Updated April 6, 2020 @7:16pm
One point of the 880-page CARES Act is a waiver of the 7.5% Federal Excise Tax (FET). The holiday lasts between March 28 and December 31, 2020. It’s normally levied for domestic Part 135 flights, which includes domestic jet card trips. It was also applied to U.S. flights that start or end within 200 miles of the southern and northern borders.
You might naturally assume that you won’t pay FET for flights during the rest of the year. You would be wrong. It depends on your program. So, how does this impact you?
If you bought into a broker jet card program, the broker isn’t paying the actual Federal Excise Tax.
Instead, they would typically pay the operator in conjunction with arranging your flight. The operator would then remit the FET to the IRS.
For that reason, brokers are handling the FET you already paid two ways.
Some are simply not charging you the FET because they don’t have to pay it to the operator. They are passing along the savings. Their thinking is that you get extra funds to fly, which helps both sides.
However, other jet card brokers are simply holding their hourly rates to previous FET-inclusive levels. They say the contract you signed allows them to do so. Their rationale is that arranging flights is becoming more time consuming with more price variations.
For jet card providers that sell fixed one-way rates with guaranteed availability, to make money, they win on some flights. They lose on others.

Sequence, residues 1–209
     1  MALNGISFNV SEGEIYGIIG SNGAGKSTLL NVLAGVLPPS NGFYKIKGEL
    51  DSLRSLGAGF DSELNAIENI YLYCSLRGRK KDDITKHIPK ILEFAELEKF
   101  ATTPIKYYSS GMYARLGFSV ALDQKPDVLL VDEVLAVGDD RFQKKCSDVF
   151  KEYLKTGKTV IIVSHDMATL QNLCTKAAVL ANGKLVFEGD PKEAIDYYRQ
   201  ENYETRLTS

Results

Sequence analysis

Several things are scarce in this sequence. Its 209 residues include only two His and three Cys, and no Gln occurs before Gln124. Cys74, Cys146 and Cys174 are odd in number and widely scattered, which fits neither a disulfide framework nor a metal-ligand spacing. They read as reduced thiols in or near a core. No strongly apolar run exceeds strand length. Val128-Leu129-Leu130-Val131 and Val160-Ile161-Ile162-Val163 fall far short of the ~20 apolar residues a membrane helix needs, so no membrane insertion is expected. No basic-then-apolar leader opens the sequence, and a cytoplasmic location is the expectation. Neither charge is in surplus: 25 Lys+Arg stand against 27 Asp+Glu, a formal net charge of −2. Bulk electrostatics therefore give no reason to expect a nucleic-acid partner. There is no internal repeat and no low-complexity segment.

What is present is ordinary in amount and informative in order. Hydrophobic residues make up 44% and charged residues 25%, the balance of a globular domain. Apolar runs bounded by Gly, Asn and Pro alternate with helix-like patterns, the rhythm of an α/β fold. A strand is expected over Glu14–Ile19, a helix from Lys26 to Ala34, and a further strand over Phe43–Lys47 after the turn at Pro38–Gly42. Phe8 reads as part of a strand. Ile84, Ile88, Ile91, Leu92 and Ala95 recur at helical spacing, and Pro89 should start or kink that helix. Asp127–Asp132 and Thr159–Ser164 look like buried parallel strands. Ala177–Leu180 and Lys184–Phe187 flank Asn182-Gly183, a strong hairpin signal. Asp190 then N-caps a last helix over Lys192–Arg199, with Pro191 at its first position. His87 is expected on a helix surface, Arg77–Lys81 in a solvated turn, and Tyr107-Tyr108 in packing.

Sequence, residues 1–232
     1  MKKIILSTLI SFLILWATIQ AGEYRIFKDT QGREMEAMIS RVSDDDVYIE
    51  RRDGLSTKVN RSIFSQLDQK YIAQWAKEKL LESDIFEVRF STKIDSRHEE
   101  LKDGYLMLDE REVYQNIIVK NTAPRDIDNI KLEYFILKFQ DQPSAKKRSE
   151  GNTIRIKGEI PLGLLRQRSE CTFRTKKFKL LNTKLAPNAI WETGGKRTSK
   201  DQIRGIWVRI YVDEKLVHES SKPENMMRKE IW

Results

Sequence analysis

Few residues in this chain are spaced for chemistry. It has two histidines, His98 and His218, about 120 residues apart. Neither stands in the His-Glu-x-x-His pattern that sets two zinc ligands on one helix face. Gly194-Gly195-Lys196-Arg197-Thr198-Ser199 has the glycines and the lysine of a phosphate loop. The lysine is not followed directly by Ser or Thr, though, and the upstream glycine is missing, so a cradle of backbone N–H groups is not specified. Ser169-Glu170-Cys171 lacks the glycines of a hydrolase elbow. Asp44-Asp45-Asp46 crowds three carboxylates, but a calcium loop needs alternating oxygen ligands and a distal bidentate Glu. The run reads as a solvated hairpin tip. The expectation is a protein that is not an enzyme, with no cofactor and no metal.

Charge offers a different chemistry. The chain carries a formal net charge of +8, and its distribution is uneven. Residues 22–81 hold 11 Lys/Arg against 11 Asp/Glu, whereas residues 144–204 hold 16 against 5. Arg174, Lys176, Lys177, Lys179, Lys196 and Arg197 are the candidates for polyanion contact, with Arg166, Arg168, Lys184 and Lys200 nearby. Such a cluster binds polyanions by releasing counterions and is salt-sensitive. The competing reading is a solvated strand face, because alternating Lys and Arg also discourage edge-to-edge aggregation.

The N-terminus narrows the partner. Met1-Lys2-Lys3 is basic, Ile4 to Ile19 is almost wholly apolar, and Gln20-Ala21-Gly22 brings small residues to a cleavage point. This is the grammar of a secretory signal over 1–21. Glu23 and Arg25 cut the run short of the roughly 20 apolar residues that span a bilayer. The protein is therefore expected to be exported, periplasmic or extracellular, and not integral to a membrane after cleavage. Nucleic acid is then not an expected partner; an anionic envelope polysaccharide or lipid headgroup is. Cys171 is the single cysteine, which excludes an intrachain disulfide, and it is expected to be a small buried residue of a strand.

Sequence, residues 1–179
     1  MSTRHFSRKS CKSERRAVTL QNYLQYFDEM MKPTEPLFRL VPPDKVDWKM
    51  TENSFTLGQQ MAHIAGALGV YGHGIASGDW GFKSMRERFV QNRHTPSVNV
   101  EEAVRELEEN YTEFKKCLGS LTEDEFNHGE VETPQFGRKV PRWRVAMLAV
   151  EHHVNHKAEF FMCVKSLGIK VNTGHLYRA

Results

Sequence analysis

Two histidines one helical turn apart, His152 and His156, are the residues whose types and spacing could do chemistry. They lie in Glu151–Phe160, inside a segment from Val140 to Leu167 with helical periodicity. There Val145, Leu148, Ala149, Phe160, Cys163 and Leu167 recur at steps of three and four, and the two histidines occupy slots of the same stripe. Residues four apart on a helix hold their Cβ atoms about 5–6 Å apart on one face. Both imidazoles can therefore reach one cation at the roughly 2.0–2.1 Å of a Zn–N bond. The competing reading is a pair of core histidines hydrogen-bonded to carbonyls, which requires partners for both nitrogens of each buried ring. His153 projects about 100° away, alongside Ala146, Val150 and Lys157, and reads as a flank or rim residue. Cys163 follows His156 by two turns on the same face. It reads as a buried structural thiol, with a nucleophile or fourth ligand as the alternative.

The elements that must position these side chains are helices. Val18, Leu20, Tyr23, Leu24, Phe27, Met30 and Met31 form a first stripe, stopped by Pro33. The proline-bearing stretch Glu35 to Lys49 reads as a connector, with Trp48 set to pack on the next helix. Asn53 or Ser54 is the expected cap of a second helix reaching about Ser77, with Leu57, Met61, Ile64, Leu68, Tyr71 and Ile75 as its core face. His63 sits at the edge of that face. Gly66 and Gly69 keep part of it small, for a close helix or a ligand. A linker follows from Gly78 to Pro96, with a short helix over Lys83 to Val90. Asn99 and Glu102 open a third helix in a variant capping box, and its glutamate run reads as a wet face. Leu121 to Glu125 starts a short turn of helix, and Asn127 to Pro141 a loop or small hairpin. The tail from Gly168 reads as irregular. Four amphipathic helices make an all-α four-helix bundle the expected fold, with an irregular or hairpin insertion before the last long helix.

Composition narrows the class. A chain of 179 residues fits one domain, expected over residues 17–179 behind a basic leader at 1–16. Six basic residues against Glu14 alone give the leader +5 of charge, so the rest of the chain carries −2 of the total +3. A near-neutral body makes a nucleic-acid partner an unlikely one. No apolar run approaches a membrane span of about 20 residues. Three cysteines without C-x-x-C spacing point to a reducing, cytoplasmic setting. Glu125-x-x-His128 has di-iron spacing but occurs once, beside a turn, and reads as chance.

When you call and want to fly at 24 hours notice or less from Podunk to Sheep Mountain, the operator is going to charge your card company their expenses plus a margin.
Costs include ferrying your private jet to Podunk the night before for your 7 a.m. departure. Then there are the overnight expenses for the crew, and returning it to base after you get to Sheep Mountain.
There are 573 operators in the U.S. with at least one business jet available for charter, although 71% have five or fewer jets in their fleet. With business aviation projected to be down 60% or more in April, operators are furloughing pilots and mothballing planes.
That means more due diligence and time spent arranging every trip. Aircraft that have been sitting idle for a couple of weeks are more likely to have a mechanical. Pilots are more likely to be out of position as airlines cut back on flights.
Unlike on-demand charter, most jet cards guarantee service recovery without extra cost to the member. Some even provide credits based on any delays. So, in addition to coordinating your flight, they also have a backup plane.
Either way, several brokers are saying their contracts allow them to charge previous FET inclusive rates and use the extra money to offset increase expenses. Others are reducing your hourly rates by 7.5%
For operator jet cards the picture is fuzzy as well. For those with owned fleets, the process is to pay FET to the IRS when you buy your jet card. In other words, the horse is out of the barn. If you bought a card in January, your money is already in Washington D.C.
If the operator already paid the tax, Vedder Price aviation attorney David Hernandez says,
“The air carrier will have to request a refund when a flight is actually performed under the card via its quarterly IRS Form 720 filing. The charter operator should then credit the client’s account for the 7.5% and segment fee as applicable.”